A few years ago, the comedy-rock band Axis of Awesome pointed out a great truth — that every pop song ever written uses the same four chords in the same order.
The fact that it’s not really true makes it no less impressive. I mean, every single song!
Enjoy a couple minutes of this, then we’ll talk.
[arve url=”https://www.youtube.com/embed/5pidokakU4I” parameters=”end=139″ /]
So maybe it’s not every song, but it is a helluva lot of songs using the exact same progression somewhere in it. The video puts them all in E major, which makes the progression
E – B – c# – A
Putting all of the songs in the same key is not cheating — it’s still the same progression, just like “Happy Birthday” is the same festering turd of a tune no matter how much helium you inhale. Likewise, this is the same chord progression no matter what chord you start on. If you’re in C, it’s C-G-a-F. If you’re in A, it’s A-E-f#-D. But it all boils down to this:
I – V – vi – IV
So why are songwriters addicted to I-V-vi-IV? Because for a basic progression, it’s actually pretty effective. Not a thing of genius, just a really solid workhorse. It’s been robbed of its sparkle by overuse, but it’s worth taking apart to see why it has become such a go-to.
It starts with I, the tonic, because most of the music you’ve heard, like most of the stories you’ve heard, starts at home. The question is where we go next. That’s easy:
As I said in The Hidden Grammar of Music, the most common place for any chord to go is up or down a fifth, and the tonic chord is no exception. In this progression, the I chord goes to the chord it is most closely related to, the dominant, the neon arrow: V.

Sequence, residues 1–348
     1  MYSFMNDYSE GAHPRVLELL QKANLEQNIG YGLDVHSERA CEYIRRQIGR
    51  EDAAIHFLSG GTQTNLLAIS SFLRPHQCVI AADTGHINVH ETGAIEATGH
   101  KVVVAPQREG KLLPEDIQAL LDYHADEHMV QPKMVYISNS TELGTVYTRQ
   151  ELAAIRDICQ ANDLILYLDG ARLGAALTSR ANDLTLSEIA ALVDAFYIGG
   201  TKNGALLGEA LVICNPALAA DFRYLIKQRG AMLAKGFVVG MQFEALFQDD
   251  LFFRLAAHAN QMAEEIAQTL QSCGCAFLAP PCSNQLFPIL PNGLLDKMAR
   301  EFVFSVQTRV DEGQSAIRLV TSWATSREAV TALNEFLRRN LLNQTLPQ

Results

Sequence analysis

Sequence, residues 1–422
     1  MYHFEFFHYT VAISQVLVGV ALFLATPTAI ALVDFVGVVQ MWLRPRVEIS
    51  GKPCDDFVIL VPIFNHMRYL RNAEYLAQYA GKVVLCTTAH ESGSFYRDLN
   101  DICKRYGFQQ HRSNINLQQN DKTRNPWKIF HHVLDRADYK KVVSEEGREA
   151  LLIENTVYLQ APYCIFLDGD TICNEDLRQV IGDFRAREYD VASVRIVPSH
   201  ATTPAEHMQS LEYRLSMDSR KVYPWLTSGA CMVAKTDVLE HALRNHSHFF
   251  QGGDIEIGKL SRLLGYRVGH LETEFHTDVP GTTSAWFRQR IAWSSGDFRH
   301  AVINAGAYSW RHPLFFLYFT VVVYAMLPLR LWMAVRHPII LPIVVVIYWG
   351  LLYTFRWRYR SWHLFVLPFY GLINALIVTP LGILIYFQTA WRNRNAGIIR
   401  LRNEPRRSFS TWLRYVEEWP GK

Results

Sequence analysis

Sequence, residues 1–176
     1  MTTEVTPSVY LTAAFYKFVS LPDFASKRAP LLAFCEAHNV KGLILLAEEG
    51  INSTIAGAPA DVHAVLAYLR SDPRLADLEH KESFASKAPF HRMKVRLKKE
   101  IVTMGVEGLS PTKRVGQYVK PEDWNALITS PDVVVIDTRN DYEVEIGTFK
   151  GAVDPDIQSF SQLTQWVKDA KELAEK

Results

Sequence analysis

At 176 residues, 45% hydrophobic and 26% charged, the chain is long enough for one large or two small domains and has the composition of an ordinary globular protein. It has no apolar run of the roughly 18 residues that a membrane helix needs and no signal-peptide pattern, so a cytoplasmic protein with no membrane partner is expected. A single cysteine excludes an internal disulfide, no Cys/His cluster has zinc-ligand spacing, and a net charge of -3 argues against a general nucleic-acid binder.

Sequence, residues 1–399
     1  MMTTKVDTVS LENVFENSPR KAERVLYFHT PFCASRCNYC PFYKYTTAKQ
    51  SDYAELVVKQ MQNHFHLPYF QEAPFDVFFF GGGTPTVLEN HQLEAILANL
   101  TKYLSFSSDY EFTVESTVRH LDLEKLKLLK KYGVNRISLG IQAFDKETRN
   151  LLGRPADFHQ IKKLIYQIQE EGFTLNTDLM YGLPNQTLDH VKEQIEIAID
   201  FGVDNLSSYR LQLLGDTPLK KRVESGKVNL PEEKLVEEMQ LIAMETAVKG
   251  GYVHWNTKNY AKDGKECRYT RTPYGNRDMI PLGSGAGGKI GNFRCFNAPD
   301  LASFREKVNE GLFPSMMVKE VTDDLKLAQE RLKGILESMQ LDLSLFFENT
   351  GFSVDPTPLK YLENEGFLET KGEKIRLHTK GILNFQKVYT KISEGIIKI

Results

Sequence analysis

Now the obvious thing for V to do is spring right back to I. Happens all the time:
The aforementioned “Happy Birthday” does exactly that. But a good chord progression (like a good sentence, story, meal, relationship) should include a little of the unexpected. Since we just did an obvious thing (I-V), we should do something less obvious next. So instead of going back to I, we go to
Remember the deceptive cadence I introduced in the post about Cohen’s Hallelujah? That’s the idea. Instead of going home to I as it was born to do, V can go to vi, the relative minor. It’s interesting — a wee bit of shadow falls across the progression. And as the Hidden Grammar post pointed out,
Only one chord to go. But which one? We could repeat I, V, or vi, but that’d be boring. We want something new to round out the phrase. There are four other chords in the key. Which would be the most satisfying?
Here’s a thought: Each of the chords we’ve heard so far is made up of three pitches from the seven-note scale. When you rack up the pitches in those chords, we’ve heard six of the seven pitches:
You don’t know it, but your ear is thirsty for that missing fourth note. In the key of E, that’s an A. The chord built on that pitch is A major, or (ta-da!)…
All together, then:
As a bonus, when you repeat the progression, IV goes back home to I in a very satisfying and common progression called the plagal or “Amen” cadence.
None of this makes the I-V-vi-IV progression inevitable, but it does make it sensible as a recurring thing, like subject-verb-adjective-object in written language.
Nutshell: If you start in the most common starting place, make the most common harmonic move, follow it with something just a little different, then fill in the one remaining gap in the scale, you get the most common pop progression on Earth.